Magnetic resonance sounding
MRS is also known as NMR (nuclear magnetic resonance) and is a geophysical method that uses the magnetic spin moment of water to directly measure how much water is in the subsurface and how easily it moves in the subsoil.
By applying an electric field that is targeted to excite the water molecules from their current orientation along the earths magnetic field and then measuring the decay signal from these molecules as they again orientate themselves to the earths magnetic field it is possible to detect the water directly.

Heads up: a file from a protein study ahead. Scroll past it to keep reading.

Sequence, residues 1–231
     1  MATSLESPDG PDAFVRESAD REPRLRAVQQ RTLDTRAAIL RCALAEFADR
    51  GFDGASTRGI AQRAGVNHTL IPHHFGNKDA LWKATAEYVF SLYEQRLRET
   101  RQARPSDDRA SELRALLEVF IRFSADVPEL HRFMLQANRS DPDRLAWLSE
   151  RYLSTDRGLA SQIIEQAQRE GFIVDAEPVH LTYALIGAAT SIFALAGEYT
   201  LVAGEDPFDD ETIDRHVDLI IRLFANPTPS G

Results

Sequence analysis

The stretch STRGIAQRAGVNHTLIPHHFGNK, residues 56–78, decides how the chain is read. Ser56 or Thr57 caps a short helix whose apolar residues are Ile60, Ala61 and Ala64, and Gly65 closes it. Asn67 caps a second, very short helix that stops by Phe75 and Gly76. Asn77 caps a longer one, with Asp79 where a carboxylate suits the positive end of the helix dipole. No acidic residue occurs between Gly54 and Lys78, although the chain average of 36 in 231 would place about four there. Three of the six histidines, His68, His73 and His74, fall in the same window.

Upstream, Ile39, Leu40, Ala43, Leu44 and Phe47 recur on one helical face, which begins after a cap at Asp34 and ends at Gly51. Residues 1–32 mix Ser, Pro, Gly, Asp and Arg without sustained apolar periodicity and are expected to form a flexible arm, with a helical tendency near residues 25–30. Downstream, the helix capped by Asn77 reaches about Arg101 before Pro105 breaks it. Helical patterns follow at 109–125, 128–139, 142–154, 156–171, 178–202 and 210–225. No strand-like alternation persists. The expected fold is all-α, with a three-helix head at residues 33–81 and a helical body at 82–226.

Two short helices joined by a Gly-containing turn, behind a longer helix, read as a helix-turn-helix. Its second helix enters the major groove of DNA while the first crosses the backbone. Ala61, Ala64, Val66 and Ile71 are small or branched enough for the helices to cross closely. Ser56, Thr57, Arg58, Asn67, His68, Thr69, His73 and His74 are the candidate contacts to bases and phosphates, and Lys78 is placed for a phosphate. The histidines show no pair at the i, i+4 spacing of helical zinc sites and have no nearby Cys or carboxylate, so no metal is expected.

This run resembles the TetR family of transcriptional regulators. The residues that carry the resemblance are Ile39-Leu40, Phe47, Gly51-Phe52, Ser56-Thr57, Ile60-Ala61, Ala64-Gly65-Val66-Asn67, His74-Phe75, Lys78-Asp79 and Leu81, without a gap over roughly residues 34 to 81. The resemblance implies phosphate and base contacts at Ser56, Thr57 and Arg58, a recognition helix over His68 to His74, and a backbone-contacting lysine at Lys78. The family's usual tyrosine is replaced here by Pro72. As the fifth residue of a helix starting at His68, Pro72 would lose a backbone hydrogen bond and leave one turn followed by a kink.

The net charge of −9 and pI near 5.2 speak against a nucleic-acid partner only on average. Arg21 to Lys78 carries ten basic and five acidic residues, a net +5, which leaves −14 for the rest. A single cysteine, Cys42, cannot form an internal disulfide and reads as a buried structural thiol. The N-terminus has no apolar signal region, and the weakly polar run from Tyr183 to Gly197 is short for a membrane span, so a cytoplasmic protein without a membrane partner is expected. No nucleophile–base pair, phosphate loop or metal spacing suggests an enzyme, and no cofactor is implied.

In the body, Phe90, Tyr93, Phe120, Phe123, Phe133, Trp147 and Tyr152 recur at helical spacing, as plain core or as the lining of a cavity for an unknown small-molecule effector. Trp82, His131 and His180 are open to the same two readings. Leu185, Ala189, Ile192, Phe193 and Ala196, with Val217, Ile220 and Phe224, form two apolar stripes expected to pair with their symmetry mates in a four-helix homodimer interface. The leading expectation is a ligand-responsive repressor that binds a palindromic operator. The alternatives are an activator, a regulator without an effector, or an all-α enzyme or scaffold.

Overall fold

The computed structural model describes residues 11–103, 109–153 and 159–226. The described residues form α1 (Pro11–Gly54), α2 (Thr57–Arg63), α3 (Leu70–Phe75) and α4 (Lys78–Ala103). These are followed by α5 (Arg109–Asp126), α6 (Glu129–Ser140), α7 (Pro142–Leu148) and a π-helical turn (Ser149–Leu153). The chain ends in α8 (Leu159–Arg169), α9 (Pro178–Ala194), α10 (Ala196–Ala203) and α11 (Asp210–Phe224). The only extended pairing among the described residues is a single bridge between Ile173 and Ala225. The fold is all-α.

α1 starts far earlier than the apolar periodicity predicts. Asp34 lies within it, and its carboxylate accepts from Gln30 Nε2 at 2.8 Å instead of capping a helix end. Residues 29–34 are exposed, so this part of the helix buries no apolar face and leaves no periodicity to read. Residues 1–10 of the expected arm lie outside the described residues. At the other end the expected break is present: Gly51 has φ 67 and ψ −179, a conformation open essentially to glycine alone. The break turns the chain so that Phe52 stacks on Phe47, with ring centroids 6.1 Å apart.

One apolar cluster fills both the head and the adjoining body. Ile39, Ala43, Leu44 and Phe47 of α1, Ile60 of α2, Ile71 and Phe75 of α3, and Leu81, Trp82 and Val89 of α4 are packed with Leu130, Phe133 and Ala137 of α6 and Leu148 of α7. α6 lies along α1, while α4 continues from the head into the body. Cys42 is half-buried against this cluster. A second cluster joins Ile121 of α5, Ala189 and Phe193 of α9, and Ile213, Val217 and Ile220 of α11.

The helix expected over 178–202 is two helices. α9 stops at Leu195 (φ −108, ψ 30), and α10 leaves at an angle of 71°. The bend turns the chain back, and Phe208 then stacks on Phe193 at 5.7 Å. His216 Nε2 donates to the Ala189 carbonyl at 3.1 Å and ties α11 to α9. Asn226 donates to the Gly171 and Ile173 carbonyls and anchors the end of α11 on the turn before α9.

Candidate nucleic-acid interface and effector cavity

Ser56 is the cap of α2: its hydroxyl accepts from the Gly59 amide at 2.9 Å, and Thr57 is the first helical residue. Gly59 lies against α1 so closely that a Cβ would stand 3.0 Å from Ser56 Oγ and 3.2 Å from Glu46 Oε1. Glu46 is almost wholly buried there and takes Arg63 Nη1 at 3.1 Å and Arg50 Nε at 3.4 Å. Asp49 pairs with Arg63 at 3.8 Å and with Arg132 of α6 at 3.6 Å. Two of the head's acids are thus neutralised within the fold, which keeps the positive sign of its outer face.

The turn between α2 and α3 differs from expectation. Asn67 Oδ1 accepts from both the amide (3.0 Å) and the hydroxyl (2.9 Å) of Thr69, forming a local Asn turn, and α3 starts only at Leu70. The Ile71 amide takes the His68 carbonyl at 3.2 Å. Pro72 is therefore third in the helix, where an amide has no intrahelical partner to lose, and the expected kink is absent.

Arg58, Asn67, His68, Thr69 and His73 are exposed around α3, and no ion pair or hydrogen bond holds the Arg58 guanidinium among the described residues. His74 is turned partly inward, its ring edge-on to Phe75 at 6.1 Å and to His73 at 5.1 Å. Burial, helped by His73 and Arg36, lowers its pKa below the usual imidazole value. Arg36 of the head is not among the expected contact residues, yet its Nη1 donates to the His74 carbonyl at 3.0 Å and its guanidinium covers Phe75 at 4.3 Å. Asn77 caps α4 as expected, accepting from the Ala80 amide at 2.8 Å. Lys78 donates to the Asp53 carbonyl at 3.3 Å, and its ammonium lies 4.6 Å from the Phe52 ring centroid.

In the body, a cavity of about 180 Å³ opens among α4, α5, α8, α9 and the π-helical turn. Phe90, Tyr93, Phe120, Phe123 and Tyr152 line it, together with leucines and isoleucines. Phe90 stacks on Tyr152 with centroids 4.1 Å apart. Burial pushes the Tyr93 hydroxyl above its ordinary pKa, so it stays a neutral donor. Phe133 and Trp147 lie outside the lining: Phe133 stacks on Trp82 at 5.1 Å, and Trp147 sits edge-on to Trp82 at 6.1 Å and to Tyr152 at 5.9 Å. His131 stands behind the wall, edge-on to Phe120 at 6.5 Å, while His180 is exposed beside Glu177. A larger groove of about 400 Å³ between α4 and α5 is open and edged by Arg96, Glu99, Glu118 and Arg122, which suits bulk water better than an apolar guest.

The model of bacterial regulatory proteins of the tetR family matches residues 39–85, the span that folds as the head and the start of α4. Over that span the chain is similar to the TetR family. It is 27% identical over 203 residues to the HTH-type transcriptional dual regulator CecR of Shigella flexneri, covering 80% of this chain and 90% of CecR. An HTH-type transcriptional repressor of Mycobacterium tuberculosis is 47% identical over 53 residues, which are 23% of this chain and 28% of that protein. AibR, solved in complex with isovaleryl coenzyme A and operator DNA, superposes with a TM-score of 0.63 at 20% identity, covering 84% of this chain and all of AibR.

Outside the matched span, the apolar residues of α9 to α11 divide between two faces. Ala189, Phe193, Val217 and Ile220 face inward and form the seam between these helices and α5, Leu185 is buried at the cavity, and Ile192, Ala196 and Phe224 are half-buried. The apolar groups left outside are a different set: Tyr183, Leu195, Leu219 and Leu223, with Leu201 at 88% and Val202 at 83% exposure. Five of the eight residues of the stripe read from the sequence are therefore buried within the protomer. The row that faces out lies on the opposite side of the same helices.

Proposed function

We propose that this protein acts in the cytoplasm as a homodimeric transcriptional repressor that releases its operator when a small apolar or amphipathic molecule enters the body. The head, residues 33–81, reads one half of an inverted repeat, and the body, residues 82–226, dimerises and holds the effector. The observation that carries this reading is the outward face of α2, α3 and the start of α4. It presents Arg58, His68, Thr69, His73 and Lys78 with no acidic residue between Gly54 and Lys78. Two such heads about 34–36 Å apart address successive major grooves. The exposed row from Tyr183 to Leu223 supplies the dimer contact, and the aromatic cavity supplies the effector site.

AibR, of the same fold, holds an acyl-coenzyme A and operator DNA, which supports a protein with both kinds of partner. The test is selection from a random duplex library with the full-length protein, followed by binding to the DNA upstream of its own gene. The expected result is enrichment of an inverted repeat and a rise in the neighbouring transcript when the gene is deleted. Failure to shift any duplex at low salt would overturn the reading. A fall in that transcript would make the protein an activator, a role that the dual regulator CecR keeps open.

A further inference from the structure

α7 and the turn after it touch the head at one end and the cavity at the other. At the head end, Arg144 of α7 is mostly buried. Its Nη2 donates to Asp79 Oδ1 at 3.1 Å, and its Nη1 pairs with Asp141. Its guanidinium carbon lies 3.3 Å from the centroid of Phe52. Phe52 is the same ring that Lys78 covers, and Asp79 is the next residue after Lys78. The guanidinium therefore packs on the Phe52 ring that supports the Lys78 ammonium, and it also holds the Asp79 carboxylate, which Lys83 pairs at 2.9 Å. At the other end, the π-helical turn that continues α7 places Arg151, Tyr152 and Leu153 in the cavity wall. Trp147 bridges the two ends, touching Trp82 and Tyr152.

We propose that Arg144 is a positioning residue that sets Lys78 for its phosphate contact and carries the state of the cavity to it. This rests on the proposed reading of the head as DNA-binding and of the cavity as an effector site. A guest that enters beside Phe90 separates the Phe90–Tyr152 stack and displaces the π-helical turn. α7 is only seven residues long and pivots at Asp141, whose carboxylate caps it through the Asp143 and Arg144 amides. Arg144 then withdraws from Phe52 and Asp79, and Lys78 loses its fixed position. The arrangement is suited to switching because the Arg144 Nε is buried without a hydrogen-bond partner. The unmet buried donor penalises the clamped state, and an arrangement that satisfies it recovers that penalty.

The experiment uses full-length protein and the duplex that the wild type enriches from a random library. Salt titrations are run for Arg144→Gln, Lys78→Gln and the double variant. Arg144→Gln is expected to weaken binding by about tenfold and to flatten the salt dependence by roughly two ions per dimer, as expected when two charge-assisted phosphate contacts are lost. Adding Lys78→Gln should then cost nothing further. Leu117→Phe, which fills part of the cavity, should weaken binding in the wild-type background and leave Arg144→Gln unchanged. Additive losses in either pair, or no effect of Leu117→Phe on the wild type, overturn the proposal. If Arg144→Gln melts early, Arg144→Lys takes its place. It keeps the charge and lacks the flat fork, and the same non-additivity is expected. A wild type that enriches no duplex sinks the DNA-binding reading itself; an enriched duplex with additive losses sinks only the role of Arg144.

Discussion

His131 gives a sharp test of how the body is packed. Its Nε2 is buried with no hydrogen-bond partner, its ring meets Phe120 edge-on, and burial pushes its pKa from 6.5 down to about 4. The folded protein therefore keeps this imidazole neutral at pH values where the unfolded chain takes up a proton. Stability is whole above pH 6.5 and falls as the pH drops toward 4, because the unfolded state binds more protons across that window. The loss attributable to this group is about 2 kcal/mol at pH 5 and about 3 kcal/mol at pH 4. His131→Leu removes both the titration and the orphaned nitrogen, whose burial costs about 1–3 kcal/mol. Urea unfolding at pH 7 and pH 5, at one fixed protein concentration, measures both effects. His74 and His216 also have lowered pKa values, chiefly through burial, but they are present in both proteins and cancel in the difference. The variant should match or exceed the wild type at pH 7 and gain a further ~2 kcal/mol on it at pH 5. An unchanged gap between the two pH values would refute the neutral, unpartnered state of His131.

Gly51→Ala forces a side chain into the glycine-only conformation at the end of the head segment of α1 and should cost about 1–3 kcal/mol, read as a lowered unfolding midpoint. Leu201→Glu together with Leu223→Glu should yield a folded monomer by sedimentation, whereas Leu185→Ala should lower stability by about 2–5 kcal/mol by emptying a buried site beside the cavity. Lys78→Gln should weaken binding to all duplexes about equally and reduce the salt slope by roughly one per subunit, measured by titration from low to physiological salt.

Making MRS measurements can be useful whenever information about water content in the subsurface is desired. Some examples of applications are:
Finding the best site for making a drinking water well
Mapping groundwater and groundwater flow
Determing optimal filter depth before making a drilling
Mapping geological layers that can not be resolved with other geophysical methods. Mapping weakness zones in mountains.
Many other application are possible, whenever information about the water is needed directly or it is used as an indicator to disolve other geological information.
The MRS method is sensitive to cultural electromagnetic noise and for this reason it is not possible to make these measurements everywhere, but where they can be made they are highly useful.